Housing, Homelessness and Poverty
The School of Public Policy Publications, Volume 11:29, November 2018
10 Pages Posted: 27 Nov 2018
Date Written: November 1, 2018
In 2014, an estimated 137,000 people, or about one in 208 Canadians aged 18 or older, stayed in an emergency homeless shelter. While addictions and mental illness can contribute to homelessness, evidence suggests that the majority of people who resort to using homeless shelters do so because they are poor. Public policies that reduce the cost of housing for those with low income would reduce these numbers and reduce the number of Canadians who annually experience the debilitating effects of homelessness.
A high proportion of rent-to-income is a key contributor to homelessness. People who find that rent eats up so much of their income that they can’t afford other necessities will often try their luck doubling up with relatives or friends or temporarily using a city’s shelter system. Anything that influences the rent-to-income ratio – from income support programs, to tax policies affecting the costs of new construction and the costs of maintaining or rehabilitating old buildings, to zoning and density restrictions – will therefore have a significant influence on the rate of homelessness. Recognizing this opens a wide range of policy options and exposes all levels of government to the responsibility for initiating useful policy reforms.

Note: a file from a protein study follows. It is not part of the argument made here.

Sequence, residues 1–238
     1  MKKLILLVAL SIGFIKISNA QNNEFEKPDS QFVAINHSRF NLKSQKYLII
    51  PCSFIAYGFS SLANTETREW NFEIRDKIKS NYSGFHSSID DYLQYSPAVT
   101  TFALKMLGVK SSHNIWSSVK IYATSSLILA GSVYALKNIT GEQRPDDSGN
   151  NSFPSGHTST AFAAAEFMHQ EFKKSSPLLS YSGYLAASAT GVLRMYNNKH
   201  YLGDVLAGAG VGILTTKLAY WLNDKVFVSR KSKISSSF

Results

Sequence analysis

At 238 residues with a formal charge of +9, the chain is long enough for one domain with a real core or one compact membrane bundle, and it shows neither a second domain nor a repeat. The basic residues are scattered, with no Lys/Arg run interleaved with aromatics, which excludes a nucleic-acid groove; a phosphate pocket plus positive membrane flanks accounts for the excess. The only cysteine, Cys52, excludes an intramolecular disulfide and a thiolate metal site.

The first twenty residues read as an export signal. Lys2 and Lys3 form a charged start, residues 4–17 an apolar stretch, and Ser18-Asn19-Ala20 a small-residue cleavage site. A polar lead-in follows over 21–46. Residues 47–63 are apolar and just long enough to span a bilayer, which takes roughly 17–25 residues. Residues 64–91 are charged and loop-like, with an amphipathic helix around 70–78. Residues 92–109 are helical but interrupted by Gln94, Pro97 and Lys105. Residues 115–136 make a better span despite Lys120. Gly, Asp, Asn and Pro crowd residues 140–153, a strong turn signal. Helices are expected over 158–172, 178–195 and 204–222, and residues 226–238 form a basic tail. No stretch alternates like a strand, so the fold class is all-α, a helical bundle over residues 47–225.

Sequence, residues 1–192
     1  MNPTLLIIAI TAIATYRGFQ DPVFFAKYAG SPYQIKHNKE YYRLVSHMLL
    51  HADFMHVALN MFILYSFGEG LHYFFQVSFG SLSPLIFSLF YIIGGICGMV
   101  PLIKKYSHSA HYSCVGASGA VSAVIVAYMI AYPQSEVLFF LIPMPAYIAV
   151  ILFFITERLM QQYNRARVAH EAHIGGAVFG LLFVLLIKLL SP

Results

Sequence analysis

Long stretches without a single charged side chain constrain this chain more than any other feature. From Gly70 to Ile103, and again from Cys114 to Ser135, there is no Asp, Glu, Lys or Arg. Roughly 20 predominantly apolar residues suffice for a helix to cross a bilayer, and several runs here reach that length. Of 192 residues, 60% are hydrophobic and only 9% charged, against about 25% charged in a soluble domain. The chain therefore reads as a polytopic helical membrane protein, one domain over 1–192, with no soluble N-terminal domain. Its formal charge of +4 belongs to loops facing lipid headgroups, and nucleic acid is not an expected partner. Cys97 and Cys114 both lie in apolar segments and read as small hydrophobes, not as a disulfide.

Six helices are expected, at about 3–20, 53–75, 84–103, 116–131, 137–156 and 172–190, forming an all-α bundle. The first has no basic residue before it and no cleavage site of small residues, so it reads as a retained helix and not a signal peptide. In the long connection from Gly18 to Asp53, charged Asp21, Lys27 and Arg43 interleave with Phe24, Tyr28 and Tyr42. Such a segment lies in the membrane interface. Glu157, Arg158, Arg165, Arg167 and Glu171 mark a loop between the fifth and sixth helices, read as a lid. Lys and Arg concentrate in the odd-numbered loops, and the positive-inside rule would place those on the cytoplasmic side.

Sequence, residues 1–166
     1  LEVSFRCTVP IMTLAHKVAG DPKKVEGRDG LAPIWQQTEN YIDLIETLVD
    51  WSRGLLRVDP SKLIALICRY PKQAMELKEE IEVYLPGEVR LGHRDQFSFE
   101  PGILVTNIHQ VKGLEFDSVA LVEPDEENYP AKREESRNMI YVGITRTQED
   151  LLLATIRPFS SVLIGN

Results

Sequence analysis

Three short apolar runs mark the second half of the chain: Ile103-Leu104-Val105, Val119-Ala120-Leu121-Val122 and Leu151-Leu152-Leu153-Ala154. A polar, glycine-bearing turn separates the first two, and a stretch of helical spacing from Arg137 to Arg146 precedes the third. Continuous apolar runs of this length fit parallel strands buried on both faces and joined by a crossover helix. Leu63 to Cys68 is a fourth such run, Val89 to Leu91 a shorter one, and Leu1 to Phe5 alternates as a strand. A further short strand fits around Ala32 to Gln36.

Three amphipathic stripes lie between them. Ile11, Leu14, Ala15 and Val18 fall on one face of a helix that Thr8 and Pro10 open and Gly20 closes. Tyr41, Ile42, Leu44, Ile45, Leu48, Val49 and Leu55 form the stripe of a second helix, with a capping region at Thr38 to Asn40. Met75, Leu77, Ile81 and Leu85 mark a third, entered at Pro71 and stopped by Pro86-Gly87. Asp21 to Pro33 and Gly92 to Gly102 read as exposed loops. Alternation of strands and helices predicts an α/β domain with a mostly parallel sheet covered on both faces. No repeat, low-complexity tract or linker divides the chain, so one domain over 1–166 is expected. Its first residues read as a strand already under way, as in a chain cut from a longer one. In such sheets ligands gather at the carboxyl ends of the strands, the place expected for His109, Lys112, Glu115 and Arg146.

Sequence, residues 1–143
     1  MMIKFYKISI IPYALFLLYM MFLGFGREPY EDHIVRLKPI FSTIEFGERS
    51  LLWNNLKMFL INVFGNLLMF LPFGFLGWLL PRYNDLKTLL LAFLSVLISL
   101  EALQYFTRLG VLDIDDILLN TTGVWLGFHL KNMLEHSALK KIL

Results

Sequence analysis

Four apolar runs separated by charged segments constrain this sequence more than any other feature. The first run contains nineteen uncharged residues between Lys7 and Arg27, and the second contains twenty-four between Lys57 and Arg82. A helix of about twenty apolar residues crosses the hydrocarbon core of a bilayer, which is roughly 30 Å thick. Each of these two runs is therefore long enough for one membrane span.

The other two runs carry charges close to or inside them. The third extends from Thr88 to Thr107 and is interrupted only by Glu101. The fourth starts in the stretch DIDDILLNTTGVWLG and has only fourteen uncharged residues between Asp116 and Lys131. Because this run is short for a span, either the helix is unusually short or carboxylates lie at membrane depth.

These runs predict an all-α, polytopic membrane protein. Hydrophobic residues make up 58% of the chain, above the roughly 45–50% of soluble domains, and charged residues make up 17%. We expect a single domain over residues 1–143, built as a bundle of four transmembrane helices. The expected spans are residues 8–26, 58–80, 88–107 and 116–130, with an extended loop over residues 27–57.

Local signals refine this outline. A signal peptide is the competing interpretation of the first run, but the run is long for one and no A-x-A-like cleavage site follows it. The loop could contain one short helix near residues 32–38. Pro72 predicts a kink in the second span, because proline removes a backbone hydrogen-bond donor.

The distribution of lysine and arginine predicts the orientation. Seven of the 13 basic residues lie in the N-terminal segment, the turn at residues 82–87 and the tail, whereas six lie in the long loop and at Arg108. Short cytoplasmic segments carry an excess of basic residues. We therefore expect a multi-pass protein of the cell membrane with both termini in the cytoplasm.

Modest efforts to increase housing affordability via rent subsidies and enhanced income support have the advantage over the construction of public housing of maximizing choice and flexibility for those to whom assistance is provided. If the great majority of people experiencing homelessness do so because of poverty, it may be best to address that issue directly with increased levels of income support.
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